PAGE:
Posted in HIX

Healthcare struggles to overcome barriers to IoT adoption

Chris Nerney
Chris Nerney, Contributing Writer |
Healthcare struggles to overcome barriers to IoT adoption

Connected devices are steadily becoming a part of healthcare, with the industry seeing an 11 percent increase in Internet of Things (IoT) connections this year over 2016, according to a report by Verizon.
But IoT adoption by the healthcare industry lags far behind other major sectors, the Verizon State of the Market: Internet of Things 2017" report concludes.
Manufacturers saw an 84 percent increase in IoT connections this year, followed by the energy/utilities sector (41 percent), transportation/distribution (40 percent), and smart cities/communities (19 percent).
Nancy Green, global healthcare business development and strategy executive leader at Verizon Enterprise Solutions, tells Healthcare IT News that healthcare executives are concerned about IoT standards, security, interoperability, and cost:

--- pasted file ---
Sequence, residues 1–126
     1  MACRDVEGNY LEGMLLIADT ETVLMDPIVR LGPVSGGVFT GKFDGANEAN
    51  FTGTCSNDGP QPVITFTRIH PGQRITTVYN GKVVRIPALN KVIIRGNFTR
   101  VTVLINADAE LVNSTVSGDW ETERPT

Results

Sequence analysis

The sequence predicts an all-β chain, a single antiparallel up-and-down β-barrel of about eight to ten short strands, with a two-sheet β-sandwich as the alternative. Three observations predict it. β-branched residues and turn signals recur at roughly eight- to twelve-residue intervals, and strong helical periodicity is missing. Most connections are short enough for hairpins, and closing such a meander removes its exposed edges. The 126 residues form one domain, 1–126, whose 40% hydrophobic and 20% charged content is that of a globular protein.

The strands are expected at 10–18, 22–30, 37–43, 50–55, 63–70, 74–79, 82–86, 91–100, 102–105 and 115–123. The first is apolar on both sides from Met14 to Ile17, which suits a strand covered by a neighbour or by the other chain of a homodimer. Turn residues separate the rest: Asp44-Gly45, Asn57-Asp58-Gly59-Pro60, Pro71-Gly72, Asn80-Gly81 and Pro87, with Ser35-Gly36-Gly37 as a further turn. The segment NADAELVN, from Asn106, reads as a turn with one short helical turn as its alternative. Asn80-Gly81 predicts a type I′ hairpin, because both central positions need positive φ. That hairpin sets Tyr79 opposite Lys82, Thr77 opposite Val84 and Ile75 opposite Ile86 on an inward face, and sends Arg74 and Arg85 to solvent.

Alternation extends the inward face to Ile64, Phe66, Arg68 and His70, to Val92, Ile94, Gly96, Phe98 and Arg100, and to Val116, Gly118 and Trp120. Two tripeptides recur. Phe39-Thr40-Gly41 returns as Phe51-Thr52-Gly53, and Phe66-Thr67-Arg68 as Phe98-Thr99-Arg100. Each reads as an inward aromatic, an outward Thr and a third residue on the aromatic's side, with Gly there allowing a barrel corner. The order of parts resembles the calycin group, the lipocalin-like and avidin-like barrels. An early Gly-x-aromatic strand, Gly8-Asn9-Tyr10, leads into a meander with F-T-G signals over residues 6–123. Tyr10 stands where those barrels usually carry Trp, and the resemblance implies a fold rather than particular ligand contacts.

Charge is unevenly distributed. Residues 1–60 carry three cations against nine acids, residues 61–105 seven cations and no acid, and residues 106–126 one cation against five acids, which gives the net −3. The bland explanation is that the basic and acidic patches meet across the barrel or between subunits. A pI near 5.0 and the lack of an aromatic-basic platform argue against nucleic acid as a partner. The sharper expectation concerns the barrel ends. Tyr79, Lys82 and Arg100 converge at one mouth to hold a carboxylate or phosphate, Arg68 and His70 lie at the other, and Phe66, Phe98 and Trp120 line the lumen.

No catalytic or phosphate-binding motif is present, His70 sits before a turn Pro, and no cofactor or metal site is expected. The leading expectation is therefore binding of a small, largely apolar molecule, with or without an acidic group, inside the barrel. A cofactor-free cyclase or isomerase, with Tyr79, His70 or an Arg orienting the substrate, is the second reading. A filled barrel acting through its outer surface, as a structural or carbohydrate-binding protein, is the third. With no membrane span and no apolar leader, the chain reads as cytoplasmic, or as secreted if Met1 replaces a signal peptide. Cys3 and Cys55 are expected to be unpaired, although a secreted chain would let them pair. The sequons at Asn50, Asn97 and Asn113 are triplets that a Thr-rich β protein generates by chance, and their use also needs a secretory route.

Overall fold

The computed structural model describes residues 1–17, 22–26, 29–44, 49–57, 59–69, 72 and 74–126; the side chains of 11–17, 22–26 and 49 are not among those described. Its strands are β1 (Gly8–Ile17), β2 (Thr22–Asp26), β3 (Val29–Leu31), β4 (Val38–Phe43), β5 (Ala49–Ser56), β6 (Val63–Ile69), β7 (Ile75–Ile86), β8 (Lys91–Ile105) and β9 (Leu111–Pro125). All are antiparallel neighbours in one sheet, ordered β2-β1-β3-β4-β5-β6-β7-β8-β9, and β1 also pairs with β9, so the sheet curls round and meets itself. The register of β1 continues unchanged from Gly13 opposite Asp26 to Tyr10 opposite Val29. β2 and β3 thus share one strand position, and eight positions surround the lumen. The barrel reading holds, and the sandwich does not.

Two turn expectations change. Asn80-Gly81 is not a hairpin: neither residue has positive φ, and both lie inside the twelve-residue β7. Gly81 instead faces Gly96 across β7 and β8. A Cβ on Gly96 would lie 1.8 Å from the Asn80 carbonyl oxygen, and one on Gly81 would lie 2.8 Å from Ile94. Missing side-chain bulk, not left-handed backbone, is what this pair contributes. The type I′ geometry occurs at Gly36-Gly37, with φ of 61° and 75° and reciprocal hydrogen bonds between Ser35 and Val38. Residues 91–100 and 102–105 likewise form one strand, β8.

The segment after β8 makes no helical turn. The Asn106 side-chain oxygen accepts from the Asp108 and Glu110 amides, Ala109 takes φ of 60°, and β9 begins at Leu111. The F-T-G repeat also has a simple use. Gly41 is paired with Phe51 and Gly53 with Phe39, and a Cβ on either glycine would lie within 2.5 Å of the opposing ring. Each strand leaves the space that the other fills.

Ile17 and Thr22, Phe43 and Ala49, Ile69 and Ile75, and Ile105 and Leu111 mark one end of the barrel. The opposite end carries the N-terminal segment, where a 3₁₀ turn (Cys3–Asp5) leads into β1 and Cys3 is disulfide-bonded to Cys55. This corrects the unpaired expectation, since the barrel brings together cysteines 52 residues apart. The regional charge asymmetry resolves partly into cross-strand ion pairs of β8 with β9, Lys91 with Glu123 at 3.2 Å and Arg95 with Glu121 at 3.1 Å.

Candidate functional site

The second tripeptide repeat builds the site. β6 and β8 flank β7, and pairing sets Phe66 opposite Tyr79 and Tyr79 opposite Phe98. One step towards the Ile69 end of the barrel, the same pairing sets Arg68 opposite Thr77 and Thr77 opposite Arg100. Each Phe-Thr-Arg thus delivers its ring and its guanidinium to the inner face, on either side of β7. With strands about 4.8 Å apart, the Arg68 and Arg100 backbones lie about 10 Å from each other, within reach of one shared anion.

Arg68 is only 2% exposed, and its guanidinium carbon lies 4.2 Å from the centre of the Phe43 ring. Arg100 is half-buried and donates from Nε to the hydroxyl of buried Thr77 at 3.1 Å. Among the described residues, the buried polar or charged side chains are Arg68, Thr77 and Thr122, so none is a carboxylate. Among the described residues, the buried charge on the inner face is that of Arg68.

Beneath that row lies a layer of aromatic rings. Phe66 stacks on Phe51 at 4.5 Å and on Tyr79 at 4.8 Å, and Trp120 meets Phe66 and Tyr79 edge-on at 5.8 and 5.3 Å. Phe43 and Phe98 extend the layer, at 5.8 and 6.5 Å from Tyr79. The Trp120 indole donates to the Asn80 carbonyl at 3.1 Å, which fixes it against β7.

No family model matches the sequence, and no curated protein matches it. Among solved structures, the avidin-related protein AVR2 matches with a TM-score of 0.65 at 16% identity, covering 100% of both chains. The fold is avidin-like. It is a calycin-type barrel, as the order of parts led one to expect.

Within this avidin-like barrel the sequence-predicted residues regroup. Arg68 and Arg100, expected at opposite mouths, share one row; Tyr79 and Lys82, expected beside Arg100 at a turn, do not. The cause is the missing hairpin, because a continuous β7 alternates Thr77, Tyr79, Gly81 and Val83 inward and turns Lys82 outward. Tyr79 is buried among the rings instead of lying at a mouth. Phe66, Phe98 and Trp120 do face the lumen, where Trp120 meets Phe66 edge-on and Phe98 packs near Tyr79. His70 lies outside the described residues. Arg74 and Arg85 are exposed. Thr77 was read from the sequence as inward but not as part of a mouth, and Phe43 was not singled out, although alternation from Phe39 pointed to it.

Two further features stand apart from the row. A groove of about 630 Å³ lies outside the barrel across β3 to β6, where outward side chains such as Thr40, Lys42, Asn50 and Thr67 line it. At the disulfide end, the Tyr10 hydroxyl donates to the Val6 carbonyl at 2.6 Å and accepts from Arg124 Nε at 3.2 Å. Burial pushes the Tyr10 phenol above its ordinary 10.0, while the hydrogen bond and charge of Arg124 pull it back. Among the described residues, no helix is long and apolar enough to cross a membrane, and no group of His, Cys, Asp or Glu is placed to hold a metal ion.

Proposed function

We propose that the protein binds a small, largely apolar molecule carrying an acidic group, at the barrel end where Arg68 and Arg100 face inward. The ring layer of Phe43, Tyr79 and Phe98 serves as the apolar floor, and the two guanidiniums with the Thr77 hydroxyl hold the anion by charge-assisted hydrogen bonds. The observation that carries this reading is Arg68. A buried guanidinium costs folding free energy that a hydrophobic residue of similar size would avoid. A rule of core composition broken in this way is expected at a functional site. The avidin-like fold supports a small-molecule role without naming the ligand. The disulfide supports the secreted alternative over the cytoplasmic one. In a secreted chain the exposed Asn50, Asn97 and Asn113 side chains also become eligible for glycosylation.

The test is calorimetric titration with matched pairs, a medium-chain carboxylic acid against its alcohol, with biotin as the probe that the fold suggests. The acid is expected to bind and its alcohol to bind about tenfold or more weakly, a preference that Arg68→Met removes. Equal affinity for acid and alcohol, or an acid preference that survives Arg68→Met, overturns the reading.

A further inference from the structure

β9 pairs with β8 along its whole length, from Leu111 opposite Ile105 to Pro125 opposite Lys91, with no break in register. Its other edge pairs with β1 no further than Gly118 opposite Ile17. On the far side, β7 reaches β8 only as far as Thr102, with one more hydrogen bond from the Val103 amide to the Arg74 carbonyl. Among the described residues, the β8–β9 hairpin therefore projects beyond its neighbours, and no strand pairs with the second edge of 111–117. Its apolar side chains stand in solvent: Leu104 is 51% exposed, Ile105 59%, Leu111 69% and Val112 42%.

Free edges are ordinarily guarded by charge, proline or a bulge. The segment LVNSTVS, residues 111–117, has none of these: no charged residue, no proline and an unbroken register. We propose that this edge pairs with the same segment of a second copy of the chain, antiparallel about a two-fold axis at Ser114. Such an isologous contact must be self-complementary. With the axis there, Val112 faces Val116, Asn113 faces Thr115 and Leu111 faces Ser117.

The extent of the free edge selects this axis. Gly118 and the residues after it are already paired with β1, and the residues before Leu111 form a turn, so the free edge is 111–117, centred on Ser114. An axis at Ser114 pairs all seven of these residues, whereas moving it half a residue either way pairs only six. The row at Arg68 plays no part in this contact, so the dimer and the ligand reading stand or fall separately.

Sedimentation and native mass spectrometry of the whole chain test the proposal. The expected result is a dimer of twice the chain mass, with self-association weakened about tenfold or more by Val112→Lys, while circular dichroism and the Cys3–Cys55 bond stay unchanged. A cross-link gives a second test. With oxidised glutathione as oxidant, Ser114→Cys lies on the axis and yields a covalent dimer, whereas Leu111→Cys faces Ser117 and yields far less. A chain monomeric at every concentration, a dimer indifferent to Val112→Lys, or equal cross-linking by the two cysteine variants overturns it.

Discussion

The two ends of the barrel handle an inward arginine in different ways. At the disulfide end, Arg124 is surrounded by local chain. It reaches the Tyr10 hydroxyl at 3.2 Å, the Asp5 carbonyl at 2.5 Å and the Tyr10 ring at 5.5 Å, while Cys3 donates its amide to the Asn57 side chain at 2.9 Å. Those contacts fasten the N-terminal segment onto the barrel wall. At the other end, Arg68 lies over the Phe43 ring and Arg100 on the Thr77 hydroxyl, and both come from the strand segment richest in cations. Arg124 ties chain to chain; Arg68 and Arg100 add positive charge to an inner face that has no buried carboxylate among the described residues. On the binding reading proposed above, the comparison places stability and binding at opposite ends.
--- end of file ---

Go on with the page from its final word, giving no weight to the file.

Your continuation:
“Consider the organizations and institutions that exist within the healthcare industry ecosystem,” she said. “Each has its own goals and role to play in the industry. For example, the pharmaceutical industry successfully uses IoT solutions that track drugs through the supply chain; however, a hospital with a sprawling complex might prioritize a smart community application to track assets for care, inventory reconciliation and personnel.”
For these differences and others, healthcare organizations find it challenging to adopt IoT technology because of high costs; the lack of standards and security practices; and challenges integrating data from IoT applications into legacy systems, she added.

Another potential stumbling block for healthcare adoption of IoT is “integration of IoT data into legacy systems is another barrier,” Green tells Healthcare IT News.
“The complexity of information systems used within healthcare has made the integration of the data from IoT applications a challenge,” she says. “The value of IoT is the data that comes from each use. For example, analytics from a patient’s connected devices increasingly need to also be available in that patient’s electronic health record.”
Fortunately, she says, some of these barriers are eroding as new network technologies emerge and costs drop, among other factors.